You may say: "What of Corneille, Molière, and Racine? They are popular and glorious." No, they are not popular. Their names are popular, perhaps; but their poetry is not. The mob has read them once, that is true; and without understanding them. But who rereads them? Only artists. 
And so, in the face of universal education, he argues against letting the arts become too popular: "If there is a popularization, let us make sure that it is a popularization of the good, not of the beautiful.... Let the masses read works on moral conduct; but please don't let them ruin our poetry."

W.H. Auden: Poetry as a Game of Knowledge

W.H. Auden, date unknown
"Squares and Oblongs" (1948) is a collection of aphoristic observances, very much in the mode of Wilde, and it's difficult to resist quoting them all. But the opening one -- "A poet is, before anything else, a person who is passionately in love with language" -- seems to be the keynote. Language, after all, is what Auden does best, because he likes "hanging around words listening to what they say," which he observes is a sign of one who promises to be a poet.

Sometimes he unpacks his aphorisms for us: "The poet is the father who begets the poem which the language bears." He explains that poet and language are husband and wife, and it is the poet, "not the language, who is responsible for the success of their marriage, which differs from natural marriage in that in this relationship there is no loveless lovemaking, no accidental pregnancies."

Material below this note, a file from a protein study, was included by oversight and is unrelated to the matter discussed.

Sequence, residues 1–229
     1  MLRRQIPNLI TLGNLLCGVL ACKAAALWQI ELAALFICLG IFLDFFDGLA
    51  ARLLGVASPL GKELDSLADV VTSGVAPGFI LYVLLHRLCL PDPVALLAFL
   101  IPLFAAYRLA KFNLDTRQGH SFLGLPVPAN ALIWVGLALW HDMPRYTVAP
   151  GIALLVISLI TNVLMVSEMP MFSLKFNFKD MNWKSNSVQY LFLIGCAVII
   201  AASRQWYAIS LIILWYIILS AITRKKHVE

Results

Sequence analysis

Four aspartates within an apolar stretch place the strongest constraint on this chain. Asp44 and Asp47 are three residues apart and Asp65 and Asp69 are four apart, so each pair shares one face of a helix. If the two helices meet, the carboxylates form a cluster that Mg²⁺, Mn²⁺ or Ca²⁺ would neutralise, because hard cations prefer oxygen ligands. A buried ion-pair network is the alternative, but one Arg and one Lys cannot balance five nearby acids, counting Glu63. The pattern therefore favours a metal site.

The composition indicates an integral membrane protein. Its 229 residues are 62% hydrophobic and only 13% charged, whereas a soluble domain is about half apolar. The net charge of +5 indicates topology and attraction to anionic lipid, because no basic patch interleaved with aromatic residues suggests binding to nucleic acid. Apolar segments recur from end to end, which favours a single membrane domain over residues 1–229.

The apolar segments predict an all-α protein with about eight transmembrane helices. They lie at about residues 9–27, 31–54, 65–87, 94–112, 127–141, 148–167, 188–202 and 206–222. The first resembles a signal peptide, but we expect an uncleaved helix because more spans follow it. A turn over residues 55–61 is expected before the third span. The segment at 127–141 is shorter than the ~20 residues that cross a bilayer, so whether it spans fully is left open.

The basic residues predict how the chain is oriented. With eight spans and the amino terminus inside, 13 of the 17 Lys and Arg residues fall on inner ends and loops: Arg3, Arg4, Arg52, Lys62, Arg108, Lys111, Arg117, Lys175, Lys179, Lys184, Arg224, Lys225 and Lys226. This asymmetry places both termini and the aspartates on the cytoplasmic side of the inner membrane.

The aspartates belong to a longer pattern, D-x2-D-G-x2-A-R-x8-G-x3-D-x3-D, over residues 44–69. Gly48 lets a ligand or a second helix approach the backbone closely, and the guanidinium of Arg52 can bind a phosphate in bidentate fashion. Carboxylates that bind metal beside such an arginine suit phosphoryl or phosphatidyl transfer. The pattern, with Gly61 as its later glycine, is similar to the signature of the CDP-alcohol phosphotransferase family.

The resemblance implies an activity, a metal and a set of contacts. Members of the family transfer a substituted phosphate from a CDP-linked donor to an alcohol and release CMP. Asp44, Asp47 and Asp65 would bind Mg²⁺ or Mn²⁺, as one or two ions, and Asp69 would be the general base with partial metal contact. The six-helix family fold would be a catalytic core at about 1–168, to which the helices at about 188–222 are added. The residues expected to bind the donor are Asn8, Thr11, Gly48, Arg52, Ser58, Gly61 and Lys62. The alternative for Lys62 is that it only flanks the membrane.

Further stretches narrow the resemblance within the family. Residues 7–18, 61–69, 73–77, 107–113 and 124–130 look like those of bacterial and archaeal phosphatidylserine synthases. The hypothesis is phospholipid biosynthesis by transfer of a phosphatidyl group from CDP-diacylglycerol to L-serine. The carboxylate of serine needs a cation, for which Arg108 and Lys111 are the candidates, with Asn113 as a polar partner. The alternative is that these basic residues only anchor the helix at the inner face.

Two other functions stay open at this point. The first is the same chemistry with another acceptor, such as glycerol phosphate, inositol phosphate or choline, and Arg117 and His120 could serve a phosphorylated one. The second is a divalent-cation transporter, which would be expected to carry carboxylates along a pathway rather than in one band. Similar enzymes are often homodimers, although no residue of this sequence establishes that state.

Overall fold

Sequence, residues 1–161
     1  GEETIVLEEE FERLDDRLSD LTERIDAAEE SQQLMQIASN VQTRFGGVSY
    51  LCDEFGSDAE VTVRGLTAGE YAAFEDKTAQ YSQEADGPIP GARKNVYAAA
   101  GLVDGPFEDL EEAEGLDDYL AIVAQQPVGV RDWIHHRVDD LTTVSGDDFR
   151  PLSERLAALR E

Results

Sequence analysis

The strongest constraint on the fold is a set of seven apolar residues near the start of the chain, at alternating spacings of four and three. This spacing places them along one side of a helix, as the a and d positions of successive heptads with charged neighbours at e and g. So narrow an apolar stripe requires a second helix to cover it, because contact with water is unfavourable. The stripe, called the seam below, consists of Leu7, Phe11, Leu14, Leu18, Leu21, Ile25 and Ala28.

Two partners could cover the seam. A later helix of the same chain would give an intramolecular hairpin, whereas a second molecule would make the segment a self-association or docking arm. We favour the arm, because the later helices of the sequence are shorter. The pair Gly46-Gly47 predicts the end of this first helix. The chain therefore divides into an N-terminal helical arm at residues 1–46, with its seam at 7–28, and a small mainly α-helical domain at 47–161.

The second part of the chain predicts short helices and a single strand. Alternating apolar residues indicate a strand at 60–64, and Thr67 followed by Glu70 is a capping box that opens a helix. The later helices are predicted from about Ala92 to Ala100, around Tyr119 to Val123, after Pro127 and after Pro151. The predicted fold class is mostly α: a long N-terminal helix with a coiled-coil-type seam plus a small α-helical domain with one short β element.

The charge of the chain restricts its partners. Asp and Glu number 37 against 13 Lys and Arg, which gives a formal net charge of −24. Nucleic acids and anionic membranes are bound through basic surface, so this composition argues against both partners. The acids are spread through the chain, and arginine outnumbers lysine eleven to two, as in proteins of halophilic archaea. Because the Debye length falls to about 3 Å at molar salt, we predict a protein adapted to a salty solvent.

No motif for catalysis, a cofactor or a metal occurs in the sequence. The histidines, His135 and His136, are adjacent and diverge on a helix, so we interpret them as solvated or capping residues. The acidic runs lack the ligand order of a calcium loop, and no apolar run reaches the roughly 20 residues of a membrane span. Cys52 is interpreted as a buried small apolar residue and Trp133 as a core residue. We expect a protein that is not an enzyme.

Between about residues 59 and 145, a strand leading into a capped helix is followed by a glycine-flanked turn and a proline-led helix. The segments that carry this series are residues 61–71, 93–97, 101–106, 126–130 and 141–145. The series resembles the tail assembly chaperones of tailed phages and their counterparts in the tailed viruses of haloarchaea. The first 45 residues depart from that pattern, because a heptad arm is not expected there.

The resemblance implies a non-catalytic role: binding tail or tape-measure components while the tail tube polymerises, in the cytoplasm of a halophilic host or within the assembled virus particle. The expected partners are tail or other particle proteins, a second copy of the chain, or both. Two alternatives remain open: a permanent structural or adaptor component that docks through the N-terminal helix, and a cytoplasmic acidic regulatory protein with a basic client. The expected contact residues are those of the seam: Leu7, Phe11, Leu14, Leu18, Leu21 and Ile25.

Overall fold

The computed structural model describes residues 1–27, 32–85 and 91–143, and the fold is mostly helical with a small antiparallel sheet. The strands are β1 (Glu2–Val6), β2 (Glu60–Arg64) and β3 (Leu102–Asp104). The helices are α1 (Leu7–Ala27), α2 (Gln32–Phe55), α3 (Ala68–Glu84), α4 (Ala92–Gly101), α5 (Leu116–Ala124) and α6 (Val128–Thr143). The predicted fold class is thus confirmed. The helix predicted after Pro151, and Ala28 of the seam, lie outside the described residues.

Among the theories of poetry that he dislikes is "Poetry as a magical means for inducing desirable emotions and repelling undesirable emotions in oneself and others." The Greeks, he says, held this view, because they "confused art with religion." But despite this, they produced great art because "they were frivolous people who took nothing seriously. Their religion was just a camp." More worrisome are those in our own day who take things too seriously and try to make art serve their ends, creating "dishonest and insufferably earnest and boring Agit-Prop for Christianity, Communism, Free Enterprise or what have you."

Auden prefers the theory of "Poetry as a game of knowledge, a bringing to consciousness, by naming them, of emotions and their hidden relationships." In the spirit of "How can I know what I think till I see what I say?" the poet tries out words in various combinations and permutations until he or she finds what works. And because poetry stumbles when it becomes involved in too serious matters of daily life, it needs to distance itself from events too large for words:
There are events which arouse such simple and obvious emotions that an AP cable or a photograph in Life magazine are enough and poetic comment is impossible. If one reads through the mass of versified trash inspired, for instance, by the Lidice Massacre, one cannot avoid the conclusion that what was really bothering the versifiers was a feeling of guilt at not feeling horrorstruck enough. Could a good poem have been written on such a subject? Possibly. One that revealed this lack of feeling, that told how when he read the news, the poet, like you and I, dear reader, went on thinking about his fame or his lunch, and how glad he was that he was not one of the victims.